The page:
Pre-Computer Space electro-mechanical games

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Pre-Computer Space electro-mechanical games

Postby Zap! » Mon Jan 26, 2009 1:24 am

Apparently, we've been lied to. 1971's Computer Space was not the first arcade game. Sure, it was the first true "video game" acade coin-op, but how can you deny this is an arcade game:
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That's Sega Missile, from 1969! Not good enough? Then How about this:

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That one is Midway's Surface to air Missile, or S.A.M.I., from 1970! I'm sorry, but these games influenced "real" video games and deserve to be mentioned 100%! They are always left out of books dealing with video game and arcade history, and it's just wrong. Does anyone have a complete list of games that are pre-Computer Space? Here's two more links, including a video.

http://video.google.com/videoplay?docid=-7987676926699911178

http://marvin3m.com/arcade/smisile.htm
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Re: Pre-Computer Space electro-mechanical games

Postby Jakenut86 » Mon Jan 26, 2009 2:26 am

Galaxy Game came out 2 months before Computer Space, but was only located at Stanford University.

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I always thought it was pretty cool that Computer Space was manufactured by Nutting Associates because that's my last name :)
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Re: Pre-Computer Space electro-mechanical games

Postby Rob » Mon Jan 26, 2009 1:04 pm

Well, see, now we're getting into semantics. Sure, there's no question those are Arcade games, but so are pinball, air hockey, love testers, those bowling games where you try to sink the ball in different rings, etc.

Arcades have been around since the turn of the century. Back then they were nickelodeons and penny arcades, then later amusement halls and entertainment dens. "Arcade" didn't come back into regular usage until the early seventies, and then it was only because Nolan Bushnell dubbed his games "video arcade machines".

I'm not saying games like Persicope weren't important in their own way, but if you get down to the nuts and bolts of it all, Sega was just building sophisticated pinball machines. As a matter of fact, the only part of Periscope that wasn't recycled from their Pinball machines were the cardboard ships that ran on the track. Even the light gun was recycled tech that they used on earlier pinball machines. The cabinet itself was also bigger than the standard arcade fare at the time, and didn't really have much of a precedent, so I guess that was somewhat of an important development, but only for electro-magnetic games, as arcade machines were never that large. As a matter of fact just look at Computer Space- it didn't borrow any design cues from any of the machine operated game cabs of the time.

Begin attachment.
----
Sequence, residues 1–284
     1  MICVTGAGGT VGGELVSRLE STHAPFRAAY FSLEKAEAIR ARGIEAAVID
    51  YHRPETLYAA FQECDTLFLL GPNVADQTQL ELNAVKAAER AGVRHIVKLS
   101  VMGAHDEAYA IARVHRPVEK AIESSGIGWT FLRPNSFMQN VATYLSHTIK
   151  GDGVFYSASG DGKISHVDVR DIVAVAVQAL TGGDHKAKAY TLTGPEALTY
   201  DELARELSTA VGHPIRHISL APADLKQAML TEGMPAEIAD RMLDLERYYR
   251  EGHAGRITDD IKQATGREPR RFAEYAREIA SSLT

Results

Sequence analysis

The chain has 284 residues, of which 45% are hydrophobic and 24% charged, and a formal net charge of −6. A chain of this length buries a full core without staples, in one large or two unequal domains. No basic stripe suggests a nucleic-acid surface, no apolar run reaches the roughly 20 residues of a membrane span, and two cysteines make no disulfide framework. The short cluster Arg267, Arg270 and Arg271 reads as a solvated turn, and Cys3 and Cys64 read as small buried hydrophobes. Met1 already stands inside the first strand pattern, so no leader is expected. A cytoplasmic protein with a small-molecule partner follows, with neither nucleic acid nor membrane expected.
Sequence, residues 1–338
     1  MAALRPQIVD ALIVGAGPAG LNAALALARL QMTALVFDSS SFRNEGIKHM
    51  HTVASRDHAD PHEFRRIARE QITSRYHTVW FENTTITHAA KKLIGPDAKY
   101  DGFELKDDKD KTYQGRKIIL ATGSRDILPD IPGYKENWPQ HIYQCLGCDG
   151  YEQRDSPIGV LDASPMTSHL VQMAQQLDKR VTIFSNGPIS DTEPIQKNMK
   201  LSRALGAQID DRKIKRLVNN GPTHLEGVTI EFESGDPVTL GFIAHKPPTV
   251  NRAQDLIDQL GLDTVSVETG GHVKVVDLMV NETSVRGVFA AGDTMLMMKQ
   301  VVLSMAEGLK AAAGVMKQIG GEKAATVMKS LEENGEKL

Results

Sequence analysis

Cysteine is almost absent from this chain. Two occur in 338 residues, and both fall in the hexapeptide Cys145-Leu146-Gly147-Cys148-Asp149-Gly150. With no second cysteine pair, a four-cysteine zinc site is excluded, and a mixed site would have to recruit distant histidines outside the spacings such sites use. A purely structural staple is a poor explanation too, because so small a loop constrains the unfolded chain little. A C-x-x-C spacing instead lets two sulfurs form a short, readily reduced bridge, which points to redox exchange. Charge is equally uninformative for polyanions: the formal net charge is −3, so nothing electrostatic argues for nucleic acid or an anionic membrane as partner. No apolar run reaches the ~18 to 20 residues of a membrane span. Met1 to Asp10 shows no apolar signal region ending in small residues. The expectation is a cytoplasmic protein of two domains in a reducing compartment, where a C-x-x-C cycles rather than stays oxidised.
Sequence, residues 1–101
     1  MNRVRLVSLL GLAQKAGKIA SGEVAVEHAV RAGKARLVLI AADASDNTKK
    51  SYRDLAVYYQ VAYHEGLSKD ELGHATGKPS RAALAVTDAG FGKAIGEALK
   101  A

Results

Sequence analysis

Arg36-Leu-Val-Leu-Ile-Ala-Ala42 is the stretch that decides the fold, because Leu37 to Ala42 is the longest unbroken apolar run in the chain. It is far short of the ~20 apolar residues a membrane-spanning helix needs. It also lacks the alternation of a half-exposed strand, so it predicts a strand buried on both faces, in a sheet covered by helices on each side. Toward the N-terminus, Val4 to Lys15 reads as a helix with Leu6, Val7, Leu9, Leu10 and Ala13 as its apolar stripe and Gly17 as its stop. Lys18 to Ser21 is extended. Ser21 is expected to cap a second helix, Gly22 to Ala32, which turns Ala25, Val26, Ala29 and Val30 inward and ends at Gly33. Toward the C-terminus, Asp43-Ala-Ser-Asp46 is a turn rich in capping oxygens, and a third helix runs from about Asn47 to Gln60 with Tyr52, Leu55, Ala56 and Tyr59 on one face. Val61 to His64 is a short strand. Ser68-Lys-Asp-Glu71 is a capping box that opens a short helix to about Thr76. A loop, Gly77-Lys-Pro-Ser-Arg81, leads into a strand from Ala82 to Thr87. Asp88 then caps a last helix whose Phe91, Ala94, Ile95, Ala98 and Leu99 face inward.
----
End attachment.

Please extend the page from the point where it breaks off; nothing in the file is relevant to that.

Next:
Computer Space was still the original video arcade machine. It had its roots in a million different ventures from years past, but Nolan Bushnell was the first to put it in a non-exclusive venue, put a coin slot in it, and wait for the quarters to start racking up. (And no, Galaxy Game doesn't count either, as you could only play it at Stanford U and was never intended to be mass marketed).

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Re: Pre-Computer Space electro-mechanical games

Postby Zap! » Wed Jan 28, 2009 3:29 am

Rob wrote:Well, see, now we're getting into semantics. Sure, there's no question those are Arcade games, but so are pinball, air hockey, love testers, those bowling games where you try to sink the ball in different rings, etc.

Arcades have been around since the turn of the century. Back then they were nickelodeons and penny arcades, then later amusement halls and entertainment dens. "Arcade" didn't come back into regular usage until the early seventies, and then it was only because Nolan Bushnell dubbed his games "video arcade machines".